In Ireland, Subway’s sandwich rolls are not legally bread

13 Oct 2020

The Irish Supreme Court ruled that Subway bread is not legally considered as such. Instead, its sugar content, which is five times above what Irish law specifies as the acceptable threshold for bread, lands the company’s sandwich rolls in the confectionery category. The ruling was a result of a tax dispute case.

This finding by Ireland’s highest court requires Bookfinders Ltd., an Irish Subway franchise, to pay a value-added tax (VAT) on its sandwiches. Sweets and pastries are not considered an essential food under Irish law and are, therefore, subject to a value-added tax of 13.5 percent under Ireland’s VAT Act of 1972. “Staple foods,” like bread, are not subject to this tax. However, to qualify as a staple product, the Irish government defines bread as a product where “fat, sugar and bread improver, subject to the limitation that the weight of any ingredient specified in this subclause shall not exceed 2 percent of the weight of flour included in the dough.”

In Ireland, Subway’s sandwich rolls are not legally bread
Image via Flickr

In the judgment, the court ruled, "There is no dispute that the bread supplied by Subway in its heated sandwiches has a sugar content of 10% of the weight of the flour included in the dough, and thus exceeds the 2% specified."

Subway maintains that its bread is only bread, and MarketWatch reported that the company is currently reviewing the tax ruling.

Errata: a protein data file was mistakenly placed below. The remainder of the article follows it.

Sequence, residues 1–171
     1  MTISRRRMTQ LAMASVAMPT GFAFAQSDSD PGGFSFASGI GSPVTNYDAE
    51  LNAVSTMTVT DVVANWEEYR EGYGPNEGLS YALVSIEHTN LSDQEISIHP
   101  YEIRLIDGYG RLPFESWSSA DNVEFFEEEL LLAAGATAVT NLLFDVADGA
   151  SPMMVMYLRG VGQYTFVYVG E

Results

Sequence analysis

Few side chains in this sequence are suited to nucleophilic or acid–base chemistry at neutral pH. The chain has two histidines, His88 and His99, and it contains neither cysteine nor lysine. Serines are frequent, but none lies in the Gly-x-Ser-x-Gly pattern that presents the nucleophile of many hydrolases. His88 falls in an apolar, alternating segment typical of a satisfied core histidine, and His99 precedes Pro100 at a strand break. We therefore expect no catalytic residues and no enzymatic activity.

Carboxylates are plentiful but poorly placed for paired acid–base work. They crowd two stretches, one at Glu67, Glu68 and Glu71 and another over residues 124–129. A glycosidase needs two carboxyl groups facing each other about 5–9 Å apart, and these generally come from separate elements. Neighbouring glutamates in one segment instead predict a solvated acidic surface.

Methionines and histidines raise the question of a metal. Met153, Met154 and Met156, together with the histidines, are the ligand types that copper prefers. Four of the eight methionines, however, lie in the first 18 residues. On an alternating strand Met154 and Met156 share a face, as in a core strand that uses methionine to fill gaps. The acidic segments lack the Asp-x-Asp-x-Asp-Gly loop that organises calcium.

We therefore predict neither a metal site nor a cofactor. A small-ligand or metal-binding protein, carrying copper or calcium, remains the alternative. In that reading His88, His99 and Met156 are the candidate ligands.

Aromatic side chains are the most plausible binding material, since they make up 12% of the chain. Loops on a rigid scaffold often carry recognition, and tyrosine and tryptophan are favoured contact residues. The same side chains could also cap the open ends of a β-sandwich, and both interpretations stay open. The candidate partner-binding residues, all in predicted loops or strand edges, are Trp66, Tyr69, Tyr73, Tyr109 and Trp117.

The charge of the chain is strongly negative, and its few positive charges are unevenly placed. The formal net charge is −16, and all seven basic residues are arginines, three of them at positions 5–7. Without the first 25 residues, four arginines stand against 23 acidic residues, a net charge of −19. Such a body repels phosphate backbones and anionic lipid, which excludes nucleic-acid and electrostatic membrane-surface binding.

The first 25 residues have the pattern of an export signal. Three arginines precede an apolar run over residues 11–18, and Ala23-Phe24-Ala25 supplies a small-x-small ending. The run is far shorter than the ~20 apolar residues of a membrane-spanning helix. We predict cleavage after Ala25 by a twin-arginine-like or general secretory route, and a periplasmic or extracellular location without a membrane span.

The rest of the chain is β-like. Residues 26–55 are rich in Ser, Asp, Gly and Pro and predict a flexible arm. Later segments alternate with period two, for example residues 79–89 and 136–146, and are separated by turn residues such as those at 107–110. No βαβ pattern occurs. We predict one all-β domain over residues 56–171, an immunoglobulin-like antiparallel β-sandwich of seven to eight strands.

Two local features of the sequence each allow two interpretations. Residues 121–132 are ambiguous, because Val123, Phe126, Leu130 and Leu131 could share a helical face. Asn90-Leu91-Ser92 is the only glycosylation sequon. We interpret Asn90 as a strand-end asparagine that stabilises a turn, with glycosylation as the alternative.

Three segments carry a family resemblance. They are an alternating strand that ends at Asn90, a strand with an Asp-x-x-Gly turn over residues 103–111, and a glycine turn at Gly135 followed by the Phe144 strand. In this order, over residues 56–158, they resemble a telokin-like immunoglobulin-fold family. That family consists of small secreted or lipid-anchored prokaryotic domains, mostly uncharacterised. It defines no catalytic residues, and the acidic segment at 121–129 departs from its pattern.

This latest ruling from the Irish Supreme Court was heard on appeal after the case meandered through four appellate courts over 14 years where it was heard and then subsequently dismissed in each case. Subway’s Galway-based franchisee sued the Irish taxing authorities for a refund of VAT paid between 2004 and 2005. The company argued that its heated sandwiches, coffees and teas were eligible for 0% VAT. The composite VAT rate they paid was 9.2%.

Subway is not unfamiliar with controversy. The company came under scrutiny in 2014 when reports surfaced that its bread was baked with a chemical used in yoga mats. In response, the company removed the ingredient and changed the recipe. Depending on whether the company accepts the ruling from the country's highest court, it could consider another reformulation of its sandwich rolls in order to qualify under the legally defined definition for bread.

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